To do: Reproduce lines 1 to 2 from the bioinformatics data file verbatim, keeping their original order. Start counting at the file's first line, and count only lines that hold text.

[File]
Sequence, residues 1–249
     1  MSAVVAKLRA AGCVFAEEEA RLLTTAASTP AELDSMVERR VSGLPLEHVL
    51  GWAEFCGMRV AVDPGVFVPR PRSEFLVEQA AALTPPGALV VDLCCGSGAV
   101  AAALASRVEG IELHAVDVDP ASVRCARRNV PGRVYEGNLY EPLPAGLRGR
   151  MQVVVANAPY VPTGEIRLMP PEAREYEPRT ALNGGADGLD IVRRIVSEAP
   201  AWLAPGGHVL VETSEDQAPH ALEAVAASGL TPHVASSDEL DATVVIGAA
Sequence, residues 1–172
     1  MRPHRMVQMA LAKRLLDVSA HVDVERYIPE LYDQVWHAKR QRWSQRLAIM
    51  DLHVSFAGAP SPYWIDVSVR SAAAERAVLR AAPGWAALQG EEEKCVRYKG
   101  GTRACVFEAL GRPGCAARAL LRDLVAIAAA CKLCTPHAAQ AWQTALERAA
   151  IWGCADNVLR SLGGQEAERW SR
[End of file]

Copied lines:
Sequence, residues 1–249
     1  MSAVVAKLRA AGCVFAEEEA RLLTTAASTP AELDSMVERR VSGLPLEHVL